SELU vs RELU activation in simple NLP models24 Jul 2017
Background on SELU
Normalized outputs seem to be really helpful in stabilizing the training process. That’s the main reason behind the popularity of BatchNormalization. SELU is a way to output the normalized activations to the next layer.
The overall function is really simple:
mean 0 and
stdev 1 inputs, the values of α and λ come out to be
# PyTorch implementation import torch.nn.functional as F def selu(x): alpha = 1.6732632423543772848170429916717 scale = 1.0507009873554804934193349852946 return scale * F.elu(x, alpha)
# Numpy implementation import numpy as np def selu(x): alpha = 1.6732632423543772848170429916717 scale = 1.0507009873554804934193349852946 return scale * ((x > 0)*x + (x <= 0) * (alpha * np.exp(x) - alpha))
SNLI dataset is a collection of 570k english sentence pairs. The task is to classify each pair as either:
- entailment - “A soccer game with multiple males playing.” and “Some men are playing a sport.”
- contradiction - “A man inspects the uniform of a figure in some East Asian country.” and “The man is sleeping.”
- neutral - “A smiling costumed woman is holding an umbrella.” and “A happy woman in a fairy costume holds an umbrella.”
I am using a simple Bag of words model written in keras. The following python snippet describes the major components. This code is taken from Stephen Merity’s repo here.
# Embedding layer embed = Embedding(VOCAB, EMBED_HIDDEN_SIZE, weights=[embedding_matrix], input_length=MAX_LEN, trainable=False) # A dense layer applied over each sequence point translate = TimeDistributed(Dense(SENT_HIDDEN_SIZE, activation=ACTIVATION)) # A layer to sum up the sequence of words rnn = keras.layers.core.Lambda(lambda x: K.sum(x, axis=1), output_shape=(SENT_HIDDEN_SIZE, )) # 2 pairs of input sentences premise = Input(shape=(MAX_LEN, ), dtype='int32') hypothesis = Input(shape=(MAX_LEN, ), dtype='int32') # Get the word embeddings for each of these 2 pairs prem = embed(premise) hypo = embed(hypothesis) # Apply the Dense layer prem = translate(prem) hypo = translate(hypo) # Sum up the sequence prem = rnn(prem) hypo = rnn(hypo) prem = BatchNormalization()(prem) hypo = BatchNormalization()(hypo) # Combined the 2 sentences joint = concatenate([prem, hypo]) joint = Dropout(DP)(joint) # Add Few dense layers in the end for i in range(3): joint = Dense(2 * SENT_HIDDEN_SIZE, activation=ACTIVATION, kernel_regularizer=l2(L2)(joint) joint = Dropout(DP)(joint) joint = BatchNormalization()(joint)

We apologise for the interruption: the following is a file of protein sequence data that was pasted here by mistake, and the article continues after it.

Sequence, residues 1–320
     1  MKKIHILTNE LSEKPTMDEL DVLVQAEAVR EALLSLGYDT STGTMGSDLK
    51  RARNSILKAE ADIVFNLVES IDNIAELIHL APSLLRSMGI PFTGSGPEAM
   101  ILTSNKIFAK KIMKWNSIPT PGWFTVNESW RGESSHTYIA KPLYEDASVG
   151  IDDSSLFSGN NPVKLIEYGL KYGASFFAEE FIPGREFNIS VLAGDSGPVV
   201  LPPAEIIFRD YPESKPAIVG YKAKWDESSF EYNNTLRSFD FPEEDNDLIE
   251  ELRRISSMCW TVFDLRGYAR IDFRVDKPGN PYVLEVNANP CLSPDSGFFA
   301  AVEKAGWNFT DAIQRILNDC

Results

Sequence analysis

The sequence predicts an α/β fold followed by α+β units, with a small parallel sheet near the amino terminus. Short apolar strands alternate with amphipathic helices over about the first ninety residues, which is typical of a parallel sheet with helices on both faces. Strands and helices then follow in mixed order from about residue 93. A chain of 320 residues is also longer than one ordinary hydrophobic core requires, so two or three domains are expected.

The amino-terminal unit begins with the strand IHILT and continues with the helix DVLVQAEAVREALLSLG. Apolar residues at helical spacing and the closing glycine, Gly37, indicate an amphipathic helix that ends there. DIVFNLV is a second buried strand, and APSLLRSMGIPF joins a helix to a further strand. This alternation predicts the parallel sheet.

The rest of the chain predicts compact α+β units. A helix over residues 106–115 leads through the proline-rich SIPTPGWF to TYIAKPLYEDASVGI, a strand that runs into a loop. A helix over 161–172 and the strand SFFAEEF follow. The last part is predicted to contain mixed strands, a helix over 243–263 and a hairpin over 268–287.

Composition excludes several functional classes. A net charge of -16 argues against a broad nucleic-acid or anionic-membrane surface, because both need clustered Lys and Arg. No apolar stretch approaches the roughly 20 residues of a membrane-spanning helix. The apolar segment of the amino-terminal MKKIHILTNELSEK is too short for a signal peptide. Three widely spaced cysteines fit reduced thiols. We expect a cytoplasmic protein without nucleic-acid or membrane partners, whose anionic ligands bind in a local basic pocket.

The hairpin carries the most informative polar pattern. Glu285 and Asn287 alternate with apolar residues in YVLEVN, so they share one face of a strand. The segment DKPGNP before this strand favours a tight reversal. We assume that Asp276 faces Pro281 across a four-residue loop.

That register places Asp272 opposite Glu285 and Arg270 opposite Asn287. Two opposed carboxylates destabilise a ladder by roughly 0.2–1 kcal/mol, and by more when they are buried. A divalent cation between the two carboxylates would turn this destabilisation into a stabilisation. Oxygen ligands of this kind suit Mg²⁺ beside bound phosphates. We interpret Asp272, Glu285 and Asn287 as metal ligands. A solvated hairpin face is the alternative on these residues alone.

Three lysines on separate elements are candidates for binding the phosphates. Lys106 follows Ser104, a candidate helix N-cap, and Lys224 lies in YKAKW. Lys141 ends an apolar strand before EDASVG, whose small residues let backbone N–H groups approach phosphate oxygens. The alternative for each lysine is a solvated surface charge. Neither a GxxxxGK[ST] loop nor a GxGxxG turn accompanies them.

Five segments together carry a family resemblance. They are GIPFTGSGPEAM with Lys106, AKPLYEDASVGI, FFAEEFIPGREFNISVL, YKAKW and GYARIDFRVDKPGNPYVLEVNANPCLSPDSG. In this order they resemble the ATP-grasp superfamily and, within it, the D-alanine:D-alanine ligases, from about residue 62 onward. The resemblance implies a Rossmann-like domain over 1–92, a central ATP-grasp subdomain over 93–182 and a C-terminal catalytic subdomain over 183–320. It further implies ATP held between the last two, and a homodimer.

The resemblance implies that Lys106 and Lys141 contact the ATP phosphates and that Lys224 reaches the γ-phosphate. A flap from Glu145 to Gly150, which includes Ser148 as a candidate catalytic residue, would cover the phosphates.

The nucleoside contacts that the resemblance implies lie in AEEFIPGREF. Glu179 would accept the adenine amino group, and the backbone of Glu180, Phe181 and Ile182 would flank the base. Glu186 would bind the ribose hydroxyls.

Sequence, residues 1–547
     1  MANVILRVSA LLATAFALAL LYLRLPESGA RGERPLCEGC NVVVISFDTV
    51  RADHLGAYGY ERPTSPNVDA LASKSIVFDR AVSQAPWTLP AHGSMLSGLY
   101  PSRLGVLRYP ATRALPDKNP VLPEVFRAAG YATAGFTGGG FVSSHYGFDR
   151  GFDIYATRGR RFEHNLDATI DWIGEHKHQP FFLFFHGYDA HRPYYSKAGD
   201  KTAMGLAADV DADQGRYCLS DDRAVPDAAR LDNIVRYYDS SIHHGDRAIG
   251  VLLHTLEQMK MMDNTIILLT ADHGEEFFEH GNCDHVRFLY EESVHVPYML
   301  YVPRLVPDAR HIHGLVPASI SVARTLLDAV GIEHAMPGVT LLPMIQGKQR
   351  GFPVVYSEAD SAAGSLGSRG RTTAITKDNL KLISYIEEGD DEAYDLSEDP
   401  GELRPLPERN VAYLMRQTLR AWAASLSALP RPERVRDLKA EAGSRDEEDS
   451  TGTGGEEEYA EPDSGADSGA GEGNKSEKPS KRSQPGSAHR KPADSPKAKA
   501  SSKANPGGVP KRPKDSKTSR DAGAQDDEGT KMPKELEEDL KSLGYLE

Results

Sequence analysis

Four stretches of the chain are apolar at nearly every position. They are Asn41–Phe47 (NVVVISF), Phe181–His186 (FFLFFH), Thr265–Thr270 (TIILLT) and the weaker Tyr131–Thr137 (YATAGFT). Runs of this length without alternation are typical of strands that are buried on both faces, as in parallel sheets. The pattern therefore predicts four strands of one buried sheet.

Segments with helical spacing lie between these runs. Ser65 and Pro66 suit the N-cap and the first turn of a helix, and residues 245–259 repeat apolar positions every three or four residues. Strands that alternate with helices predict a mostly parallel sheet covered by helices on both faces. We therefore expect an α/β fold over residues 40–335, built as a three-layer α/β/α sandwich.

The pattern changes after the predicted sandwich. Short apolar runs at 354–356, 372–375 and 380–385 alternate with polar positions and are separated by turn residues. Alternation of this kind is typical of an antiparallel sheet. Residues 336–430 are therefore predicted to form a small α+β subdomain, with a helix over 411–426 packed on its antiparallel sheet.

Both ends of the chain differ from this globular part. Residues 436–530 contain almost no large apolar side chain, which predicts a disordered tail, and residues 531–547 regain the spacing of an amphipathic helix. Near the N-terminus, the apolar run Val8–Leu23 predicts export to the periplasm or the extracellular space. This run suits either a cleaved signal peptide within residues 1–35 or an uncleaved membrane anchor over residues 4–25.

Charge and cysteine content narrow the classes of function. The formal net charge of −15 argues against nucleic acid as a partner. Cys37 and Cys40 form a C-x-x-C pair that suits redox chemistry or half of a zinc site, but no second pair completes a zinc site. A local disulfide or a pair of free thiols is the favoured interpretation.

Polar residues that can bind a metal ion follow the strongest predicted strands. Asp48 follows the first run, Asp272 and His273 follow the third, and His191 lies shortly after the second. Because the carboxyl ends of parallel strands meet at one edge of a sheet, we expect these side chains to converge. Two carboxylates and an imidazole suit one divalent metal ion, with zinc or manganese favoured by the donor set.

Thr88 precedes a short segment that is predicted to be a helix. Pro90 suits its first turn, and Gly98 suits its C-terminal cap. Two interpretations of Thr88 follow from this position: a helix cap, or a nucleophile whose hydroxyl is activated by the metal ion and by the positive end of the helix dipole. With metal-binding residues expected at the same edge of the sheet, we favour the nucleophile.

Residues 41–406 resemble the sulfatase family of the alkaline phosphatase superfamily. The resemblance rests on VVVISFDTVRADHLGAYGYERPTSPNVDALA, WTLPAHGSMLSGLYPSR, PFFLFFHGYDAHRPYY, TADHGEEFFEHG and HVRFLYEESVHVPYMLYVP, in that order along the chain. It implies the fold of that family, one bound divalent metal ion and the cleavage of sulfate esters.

SELU vs RELU results
Code for this excercise is available in this repo.
RELU is clearly converging much faster than
SELU. My first was to remove the
BatchNormalization and do the same comparison. The following graph shows the comparison after removing the BatchNorm components.
RELU seems to be doing a much better job than
SELU for the default configuration.
This behavior remains more or less the same after iterating through hyperparameters. The following graph is for one of the hyperparameter configurations.
(Edit: I incorporated the suggestion from Dan Ofer below and included the graph with
To be fair, it is still possible that
SELU is better in some configurations. Some of the possible reasons are listed below. However, it is clear to me that simply replacing
SELU isn’t going to improve your existing models.
SELUauthors recommend a specific initialization scheme for it to be effective.
SELU is a bit more computationally expensive than
RELU. On a g2.2xlarge EC2 instance,
RELU model took about 49 seconds to complete an epoch, while
SELU model took 65 seconds to do the same (33% more).